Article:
In this landscape, the issue of empty homes resonates largely through the symbolism of vacant luxury flats, with a perhaps unhealthy emphasis on those that are foreign-owned.  However heart-felt the concerns, in practical terms for most communities around Britain – and for most empty homes practitioners –  these are simply non-issues. If anything positive is to come out of the current attention on empties, let it be a systematic, sustainable, well-thought-out, nationwide approach to making best use of our empty property for housing and avoiding the blight that empties can cause, rather than focusing on the niche micro-issue of foreign buy-to-leave in London’s luxury market.[7] And right now, let’s not try to hitch such a bigger vision to any bandwagon associated with the catastrophe at Grenfell.  


[1] 16th June 207.


[3] See comments against the Telegraph news story at


[5] e.g. in his Sky News interview  with Sophie Ridge:

[6] See .

[7] For the most recent Empty Homes Network policy document see

News type: 


Thanks David, a very interesting article.

Just to add a few links that could also contribute to the debate

The BBC Reality Check page (link above)  includes a link to another article on the research from the London School of Economics that “recently found "almost no evidence of units being left entirely empty - certainly less than 1%", but that "for those units bought as second homes, occupancy could be as little as a few weeks a year".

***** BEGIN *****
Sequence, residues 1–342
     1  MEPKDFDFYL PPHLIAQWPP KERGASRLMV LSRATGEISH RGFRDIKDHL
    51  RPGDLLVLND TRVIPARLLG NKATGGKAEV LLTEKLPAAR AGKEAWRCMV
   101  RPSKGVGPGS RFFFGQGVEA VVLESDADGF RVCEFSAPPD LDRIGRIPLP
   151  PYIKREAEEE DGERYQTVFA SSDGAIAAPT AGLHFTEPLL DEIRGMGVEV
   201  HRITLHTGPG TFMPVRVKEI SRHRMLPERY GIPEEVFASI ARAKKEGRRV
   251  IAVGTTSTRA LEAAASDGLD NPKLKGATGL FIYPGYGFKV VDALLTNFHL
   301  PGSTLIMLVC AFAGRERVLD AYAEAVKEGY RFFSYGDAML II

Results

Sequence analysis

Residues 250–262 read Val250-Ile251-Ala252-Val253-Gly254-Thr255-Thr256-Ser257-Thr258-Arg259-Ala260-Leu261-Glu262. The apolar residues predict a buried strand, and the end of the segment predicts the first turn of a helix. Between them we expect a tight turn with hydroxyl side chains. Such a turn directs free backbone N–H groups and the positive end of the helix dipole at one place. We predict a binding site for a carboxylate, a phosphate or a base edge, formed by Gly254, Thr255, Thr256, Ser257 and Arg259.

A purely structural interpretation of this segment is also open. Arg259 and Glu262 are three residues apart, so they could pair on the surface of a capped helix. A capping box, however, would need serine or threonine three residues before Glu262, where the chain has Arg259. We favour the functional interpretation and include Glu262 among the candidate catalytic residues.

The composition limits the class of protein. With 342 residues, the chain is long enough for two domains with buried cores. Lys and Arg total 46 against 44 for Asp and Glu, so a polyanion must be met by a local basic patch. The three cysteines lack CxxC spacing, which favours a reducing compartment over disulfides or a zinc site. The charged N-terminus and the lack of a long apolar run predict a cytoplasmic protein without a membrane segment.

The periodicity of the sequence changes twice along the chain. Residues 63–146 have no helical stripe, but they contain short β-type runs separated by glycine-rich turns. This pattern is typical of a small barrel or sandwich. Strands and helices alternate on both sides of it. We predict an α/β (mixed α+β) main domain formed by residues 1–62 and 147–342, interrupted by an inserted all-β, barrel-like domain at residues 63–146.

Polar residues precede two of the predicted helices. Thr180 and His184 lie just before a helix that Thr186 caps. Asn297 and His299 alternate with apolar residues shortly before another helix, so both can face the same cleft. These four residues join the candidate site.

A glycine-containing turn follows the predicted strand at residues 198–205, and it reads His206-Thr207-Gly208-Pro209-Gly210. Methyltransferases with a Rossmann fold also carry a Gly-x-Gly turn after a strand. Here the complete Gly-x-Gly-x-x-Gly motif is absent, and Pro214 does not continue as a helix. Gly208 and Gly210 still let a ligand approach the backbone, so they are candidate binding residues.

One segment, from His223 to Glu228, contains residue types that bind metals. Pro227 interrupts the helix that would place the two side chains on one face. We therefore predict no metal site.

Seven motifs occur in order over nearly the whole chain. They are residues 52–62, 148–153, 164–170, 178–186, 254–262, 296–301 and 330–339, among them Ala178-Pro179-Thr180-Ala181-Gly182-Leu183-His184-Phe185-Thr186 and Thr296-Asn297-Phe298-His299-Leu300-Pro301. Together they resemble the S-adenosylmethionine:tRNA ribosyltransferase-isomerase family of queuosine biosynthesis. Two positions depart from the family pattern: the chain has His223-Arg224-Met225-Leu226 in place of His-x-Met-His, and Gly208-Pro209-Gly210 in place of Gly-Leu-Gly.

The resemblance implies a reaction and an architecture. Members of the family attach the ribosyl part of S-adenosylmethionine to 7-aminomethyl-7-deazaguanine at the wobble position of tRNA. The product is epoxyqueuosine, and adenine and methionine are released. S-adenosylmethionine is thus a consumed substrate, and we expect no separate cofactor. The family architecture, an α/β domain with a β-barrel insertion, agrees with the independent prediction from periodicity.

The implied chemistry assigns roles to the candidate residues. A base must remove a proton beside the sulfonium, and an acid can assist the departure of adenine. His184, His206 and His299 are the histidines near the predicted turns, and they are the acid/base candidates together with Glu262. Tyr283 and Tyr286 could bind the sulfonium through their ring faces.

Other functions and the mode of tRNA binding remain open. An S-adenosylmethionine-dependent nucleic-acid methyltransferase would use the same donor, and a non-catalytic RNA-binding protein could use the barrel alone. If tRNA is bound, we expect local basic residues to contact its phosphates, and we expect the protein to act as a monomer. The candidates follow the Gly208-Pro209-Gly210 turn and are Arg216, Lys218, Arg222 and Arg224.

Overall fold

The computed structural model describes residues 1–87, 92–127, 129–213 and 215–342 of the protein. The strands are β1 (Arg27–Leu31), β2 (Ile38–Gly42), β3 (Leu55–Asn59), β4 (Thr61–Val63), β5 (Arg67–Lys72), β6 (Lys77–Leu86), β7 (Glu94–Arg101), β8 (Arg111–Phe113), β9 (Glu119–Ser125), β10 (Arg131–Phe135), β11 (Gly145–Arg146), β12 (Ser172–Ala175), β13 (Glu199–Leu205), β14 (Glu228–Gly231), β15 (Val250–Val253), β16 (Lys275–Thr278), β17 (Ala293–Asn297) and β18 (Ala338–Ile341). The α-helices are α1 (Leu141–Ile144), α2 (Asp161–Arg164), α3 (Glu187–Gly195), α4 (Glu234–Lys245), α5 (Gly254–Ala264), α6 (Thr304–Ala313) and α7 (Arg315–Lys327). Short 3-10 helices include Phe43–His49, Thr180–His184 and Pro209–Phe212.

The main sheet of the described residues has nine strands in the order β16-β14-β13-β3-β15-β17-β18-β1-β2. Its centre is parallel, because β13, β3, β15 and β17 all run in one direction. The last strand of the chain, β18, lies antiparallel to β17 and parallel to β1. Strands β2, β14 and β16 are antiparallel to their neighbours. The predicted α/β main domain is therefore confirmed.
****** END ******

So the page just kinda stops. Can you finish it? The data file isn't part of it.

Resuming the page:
However, we cannot overlook the fact that legislation already exists, under Section 22 (2 & 3) of the Civil Contingencies Act 2004, for the requisition of property (with or without compensation) to deal with an emergency. An emergency, as defined in section 1 of the act, is an event or situation that threatens damage to human welfare only if it involves, causes or may cause loss of human life, human illness or injury, homelessness or damage to property etc.

This all-encompassing piece of legislation seems to have slipped in under the radar and I was only alerted to it by a novel I read a couple of years ago.

Scary stuff.

Interesting and yes, somewhat scary. These powers could be used at any moment to stop me weeding the containers on my balcony.

I think attempting to use these emergency powers to 'seize' private dwellings in the circumstances of Grenfell would be considered disproportionate by most people - and perhaps of more direct and immediate relevance by the courts and Parliament - notwithstanding the yougov survey.